Doan's Crossing

It was at this location, where the Texas Cattle Trail crossed the Red River, that C.F. Doan maintained an extensive mercantile operation. Though the store was on the Texas side of the river, the crossing became known as Doan's Crossing. It was last used in 1895, but during its existence over 19,000,000 head of cattle crossed here on their way to markets in Kansas.
Six miles west and six miles south of Tipton, Tillman County. *
Exploring Oklahoma History
* Directions from Mark of Heritage, by Muriel H. Wright

At this time we have not found the Oklahoma marker. We did however found it's match across the state line in Texas.

Possible Location of marker found in the Chronicles of Oklahoma, Volume 38 (1960) Pages 211-212: In Jackson County, southeast of Hess (1 mile east 4 miles south and 1/4 mile east) on section line road, south side of Sec. 36, T. 1 S., R. 20 W. Because of flood plain on Red River, this marker was placed here on high ground about 3 1/2 miles north and west of the actual crossing on the river.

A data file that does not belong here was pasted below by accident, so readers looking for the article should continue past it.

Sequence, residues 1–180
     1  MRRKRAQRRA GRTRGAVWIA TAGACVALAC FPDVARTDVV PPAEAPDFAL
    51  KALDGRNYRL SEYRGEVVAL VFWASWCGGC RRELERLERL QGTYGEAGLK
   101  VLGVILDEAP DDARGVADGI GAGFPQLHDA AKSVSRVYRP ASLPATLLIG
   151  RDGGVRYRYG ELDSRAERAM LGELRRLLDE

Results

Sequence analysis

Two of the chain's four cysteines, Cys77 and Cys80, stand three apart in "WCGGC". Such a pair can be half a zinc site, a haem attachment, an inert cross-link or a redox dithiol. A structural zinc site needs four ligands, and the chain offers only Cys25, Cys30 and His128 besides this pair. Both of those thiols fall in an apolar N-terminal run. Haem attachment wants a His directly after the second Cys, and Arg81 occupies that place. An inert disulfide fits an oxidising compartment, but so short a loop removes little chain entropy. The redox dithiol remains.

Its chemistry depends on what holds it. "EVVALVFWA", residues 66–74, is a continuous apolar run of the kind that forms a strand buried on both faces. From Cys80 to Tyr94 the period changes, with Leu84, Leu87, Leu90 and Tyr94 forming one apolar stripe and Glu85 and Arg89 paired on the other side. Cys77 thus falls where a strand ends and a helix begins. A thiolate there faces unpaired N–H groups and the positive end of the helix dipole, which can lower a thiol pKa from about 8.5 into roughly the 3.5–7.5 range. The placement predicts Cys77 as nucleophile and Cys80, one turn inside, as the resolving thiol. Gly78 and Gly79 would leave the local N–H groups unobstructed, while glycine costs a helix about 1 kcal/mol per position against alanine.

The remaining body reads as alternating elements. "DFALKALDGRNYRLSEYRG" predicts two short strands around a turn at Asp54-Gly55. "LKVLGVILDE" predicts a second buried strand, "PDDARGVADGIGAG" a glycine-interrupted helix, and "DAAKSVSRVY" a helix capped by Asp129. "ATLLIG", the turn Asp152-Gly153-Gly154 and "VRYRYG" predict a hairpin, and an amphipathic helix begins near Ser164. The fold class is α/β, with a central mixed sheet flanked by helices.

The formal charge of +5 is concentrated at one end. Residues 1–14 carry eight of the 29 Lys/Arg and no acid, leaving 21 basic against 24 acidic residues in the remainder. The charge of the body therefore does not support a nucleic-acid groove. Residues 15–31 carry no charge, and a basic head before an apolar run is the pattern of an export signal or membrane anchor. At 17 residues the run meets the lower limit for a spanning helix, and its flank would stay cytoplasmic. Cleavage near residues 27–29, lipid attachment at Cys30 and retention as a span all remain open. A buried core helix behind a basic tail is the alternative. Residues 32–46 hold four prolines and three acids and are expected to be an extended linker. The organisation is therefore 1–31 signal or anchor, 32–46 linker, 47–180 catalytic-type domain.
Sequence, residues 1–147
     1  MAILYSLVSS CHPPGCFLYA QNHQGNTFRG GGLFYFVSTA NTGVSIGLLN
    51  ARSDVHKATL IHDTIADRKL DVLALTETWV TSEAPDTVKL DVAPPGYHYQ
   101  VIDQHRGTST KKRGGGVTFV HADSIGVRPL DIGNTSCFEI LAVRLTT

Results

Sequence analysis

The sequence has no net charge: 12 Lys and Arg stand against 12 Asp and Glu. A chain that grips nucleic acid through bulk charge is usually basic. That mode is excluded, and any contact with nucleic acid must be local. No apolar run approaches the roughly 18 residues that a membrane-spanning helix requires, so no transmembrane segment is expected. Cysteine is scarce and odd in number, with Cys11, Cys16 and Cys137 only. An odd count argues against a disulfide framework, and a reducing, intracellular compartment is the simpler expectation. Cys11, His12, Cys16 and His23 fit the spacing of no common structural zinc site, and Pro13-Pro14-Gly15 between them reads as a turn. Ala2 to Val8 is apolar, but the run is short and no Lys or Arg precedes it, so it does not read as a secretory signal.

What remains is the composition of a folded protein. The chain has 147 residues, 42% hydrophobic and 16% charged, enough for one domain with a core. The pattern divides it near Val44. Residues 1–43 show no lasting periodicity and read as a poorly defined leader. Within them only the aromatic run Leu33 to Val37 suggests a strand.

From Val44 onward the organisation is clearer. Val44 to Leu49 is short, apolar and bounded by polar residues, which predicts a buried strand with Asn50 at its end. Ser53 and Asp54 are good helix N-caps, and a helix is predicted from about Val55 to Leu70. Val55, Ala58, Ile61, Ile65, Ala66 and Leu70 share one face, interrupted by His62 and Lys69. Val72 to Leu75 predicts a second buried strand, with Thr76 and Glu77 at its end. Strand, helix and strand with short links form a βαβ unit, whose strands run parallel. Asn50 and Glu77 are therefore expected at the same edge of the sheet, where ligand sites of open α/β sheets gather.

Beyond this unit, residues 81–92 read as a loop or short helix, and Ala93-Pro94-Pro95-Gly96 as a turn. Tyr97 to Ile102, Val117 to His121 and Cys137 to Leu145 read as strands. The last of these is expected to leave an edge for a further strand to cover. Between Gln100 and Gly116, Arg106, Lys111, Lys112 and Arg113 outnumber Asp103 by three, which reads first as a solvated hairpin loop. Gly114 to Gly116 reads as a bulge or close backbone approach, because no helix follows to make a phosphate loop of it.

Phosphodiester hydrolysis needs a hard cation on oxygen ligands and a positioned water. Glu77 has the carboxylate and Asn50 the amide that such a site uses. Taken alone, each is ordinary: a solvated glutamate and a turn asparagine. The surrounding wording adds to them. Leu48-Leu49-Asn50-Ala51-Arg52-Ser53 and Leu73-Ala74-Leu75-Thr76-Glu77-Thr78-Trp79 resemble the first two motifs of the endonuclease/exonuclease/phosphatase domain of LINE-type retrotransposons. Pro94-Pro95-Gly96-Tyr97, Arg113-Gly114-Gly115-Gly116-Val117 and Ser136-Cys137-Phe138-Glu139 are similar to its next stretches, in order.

Doan's Crossing on Red River (Texas)
Located on Texas Farm Road 924. East of U.S. 283. South of Oklahoma/Texas state line. (Map: 34.34323, -99.25530)

The Doans' Adobe Building
Corwin F. Doan (1848-1929) settled here on Red River in 1878; erected this house in 1881. In his early picket store and later, permanent building, he had large stocks of good to supply the cowboys who annually drove cattle in heards of thousands along the Western Trail. The village of "Doan't Crossing" had 14 or more buildings. Doan, his wife Lide (1850-1905), and their 3 children entertained people from all walks of life - English loards to indians - in this adobe house. Recorded Texas Historic Landmark - 1962.

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Great Western Trail Marker #1.
On July 12, 2003, Oklahoma had a dedication ceremony to set the first post to mark the Great Western Cattle Trail across Oklahoma. The post was set near the Red River south of Altus and north of Doan's Crossing in Texas where more than seven million cattle and horses crossed going north from 1876 to 1893. Texas followed suit....